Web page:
Lombok, the Better Bali

The deserted road wound its way north along the western coast of Lombok. It crested and fell through long lines of palm trees whose roots etched themselves under the cracked dark pavement. Occasionally, the road would twist upwards, skirting the imposing cliffs as the deep blue of the Bali sea opened up before us. Suddenly there would be a magnificent panoramic view, the sea reaching endlessly towards the horizon flanked by empty white sand beach and crumbling cliffs. The sight could be considered a hazard as its captivating and enticing nature could very easily distract those fortunate enough to see it first hand.

On the back of a motorbike I let my arms fall back, palms open, fingers twisting with wind. I close my eyes, lean back and breathe in the salty sweet air of the sea. This, is one of those rare, prefect moments. It is what we as travelers seek; a sense of complete abandon. Nothing else in the world could possibly matter. In years to come when the world will occasionally feel like its too much to handle, it is moments like these that we will crave. When there was nothing in the world but you and an empty road, the slow steady hum of an engine and the perfect warmth of the tropical air. This, this is freedom.
We are riding up from the one tourist center of Lombok, Senggigi towards Rinjani beach. We found an Eco lodge in a small town, marked by a simple sign 500 meters off the main road on a dirt track through rice paddies and farms. Worlds away from the circus that is southern Bali and Ubud. We’ve heard that Lombok is what Bali used to be thirty years ago, before pavement turned paradise into a commercial commodity. It has all the beauty of Bali, minus the development.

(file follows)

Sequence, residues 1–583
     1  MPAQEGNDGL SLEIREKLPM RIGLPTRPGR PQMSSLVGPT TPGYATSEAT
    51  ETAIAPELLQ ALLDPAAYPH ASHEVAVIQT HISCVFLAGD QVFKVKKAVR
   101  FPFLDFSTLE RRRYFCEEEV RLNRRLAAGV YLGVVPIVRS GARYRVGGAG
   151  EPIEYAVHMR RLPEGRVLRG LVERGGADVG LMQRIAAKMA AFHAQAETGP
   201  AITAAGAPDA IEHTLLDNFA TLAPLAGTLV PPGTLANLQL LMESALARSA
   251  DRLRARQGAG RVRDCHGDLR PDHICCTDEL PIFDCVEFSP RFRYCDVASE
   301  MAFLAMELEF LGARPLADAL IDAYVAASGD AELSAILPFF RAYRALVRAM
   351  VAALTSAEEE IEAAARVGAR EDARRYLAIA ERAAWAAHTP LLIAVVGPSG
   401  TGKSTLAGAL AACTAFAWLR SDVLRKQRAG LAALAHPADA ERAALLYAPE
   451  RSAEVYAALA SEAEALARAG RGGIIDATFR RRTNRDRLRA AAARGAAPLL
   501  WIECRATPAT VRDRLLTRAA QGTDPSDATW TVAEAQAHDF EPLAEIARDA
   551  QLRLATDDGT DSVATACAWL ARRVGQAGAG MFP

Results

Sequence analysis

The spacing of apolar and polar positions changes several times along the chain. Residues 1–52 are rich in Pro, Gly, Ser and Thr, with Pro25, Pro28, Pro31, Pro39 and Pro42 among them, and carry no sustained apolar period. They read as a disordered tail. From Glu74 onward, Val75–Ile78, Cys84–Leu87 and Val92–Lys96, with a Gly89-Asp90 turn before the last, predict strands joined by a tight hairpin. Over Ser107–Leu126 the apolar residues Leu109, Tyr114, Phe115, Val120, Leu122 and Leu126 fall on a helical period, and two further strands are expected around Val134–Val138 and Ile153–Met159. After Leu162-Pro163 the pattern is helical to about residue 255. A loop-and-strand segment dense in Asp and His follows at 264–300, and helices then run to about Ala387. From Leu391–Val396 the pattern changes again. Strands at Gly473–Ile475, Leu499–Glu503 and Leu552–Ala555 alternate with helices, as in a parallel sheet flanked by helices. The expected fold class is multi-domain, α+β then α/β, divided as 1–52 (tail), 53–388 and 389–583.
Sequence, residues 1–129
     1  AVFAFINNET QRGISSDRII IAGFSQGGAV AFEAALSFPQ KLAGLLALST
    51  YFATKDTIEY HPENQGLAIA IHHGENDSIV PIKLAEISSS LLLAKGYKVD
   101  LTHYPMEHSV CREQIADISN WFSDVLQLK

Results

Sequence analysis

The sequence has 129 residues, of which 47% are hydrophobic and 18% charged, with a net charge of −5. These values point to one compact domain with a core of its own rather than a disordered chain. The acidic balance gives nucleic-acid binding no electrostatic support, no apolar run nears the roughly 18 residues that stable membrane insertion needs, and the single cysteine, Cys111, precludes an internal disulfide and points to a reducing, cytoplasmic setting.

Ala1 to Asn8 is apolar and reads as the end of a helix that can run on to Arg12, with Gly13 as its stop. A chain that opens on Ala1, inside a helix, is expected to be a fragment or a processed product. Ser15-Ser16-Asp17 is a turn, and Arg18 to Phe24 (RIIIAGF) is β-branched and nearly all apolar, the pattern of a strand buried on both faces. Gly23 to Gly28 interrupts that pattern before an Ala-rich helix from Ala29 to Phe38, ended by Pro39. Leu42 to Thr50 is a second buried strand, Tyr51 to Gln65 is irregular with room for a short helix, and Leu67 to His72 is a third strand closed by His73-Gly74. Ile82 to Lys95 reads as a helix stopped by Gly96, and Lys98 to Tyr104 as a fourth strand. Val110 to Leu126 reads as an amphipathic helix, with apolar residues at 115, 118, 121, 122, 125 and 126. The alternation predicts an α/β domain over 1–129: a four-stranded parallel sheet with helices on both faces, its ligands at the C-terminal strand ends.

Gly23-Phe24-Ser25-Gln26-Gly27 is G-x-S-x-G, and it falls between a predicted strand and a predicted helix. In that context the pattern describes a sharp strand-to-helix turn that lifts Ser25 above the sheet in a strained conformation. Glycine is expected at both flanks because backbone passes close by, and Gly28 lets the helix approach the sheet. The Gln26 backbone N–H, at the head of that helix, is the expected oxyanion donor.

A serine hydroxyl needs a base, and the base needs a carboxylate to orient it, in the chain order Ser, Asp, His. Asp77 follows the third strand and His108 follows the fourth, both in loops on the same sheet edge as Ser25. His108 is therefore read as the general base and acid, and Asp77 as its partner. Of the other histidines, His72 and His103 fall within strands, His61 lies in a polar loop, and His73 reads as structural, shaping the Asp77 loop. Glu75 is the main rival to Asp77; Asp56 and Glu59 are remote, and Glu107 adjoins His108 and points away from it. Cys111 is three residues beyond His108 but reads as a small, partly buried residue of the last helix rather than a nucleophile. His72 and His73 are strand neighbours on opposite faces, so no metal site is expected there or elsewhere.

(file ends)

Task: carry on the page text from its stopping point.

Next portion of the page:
We spend a day lazily wandering around the low lying thatched roof bamboo huts that make up our sleepy resort. We read, swim, and watch another stunning blood orange sunset turn yet another day into night. Those who are staying here, and there are very few indeed all gather around the beach, playing cards, reading, or dining. There is such an air of calm here it is nearly impossible not to relax.
We all need a change of scenery every now and then, to escape, renew and challenge ourselves. But what happens when changing scenery becomes the norm? When every few days is a new city, or country. Then, our change must be to stop. To breathe, to slow down. Lombok was our perfect change.
On our second day in Rinjani we took our bike further north with the omnipresent sound track of the call to prayer in the background. The morning market a few kilometers away was bustling with activity, but by noon became deserted, along with the rest of town. Continuing north we followed signs for a waterfall recommended by the owner of our lodge. All the signs had been handwritten, with only suggestive distance indicators. As we continued inland the paved road abruptly gave way to a dirt track. There were few people on the road, none of which were foreign tourists giving the entire experience the air of first discovery.
After the first, easily accessible fall we followed a dirt track through rice paddies that eventually dead ended into a stream. Another friendly hiker told us we would need to wade through the water, climb a few boulders and ascend a make shift bamboo ladder to reach the cave, and waterfall within. Evidentially, if you happened to be there at two pm you would see a rainbow pass over the hole in which the waterfall cascaded through. However we were there in the morning, but no matter, it was a fantastic hike, perfectly free of all signs of mass tourism.
Lombok may have been a short four day stopover in the middle of our time in Bali, but it ended up being a highlight of the trip. From beautiful scenery to witnessing local life independent from tourism to the friendly people, Lombok did not disappoint. The only downside is our time here is short. I would have loved to continue on the island, heading further east to Flores and the other islands of Indonesia. Next time, certainly. Next up: diving in Tulamben!








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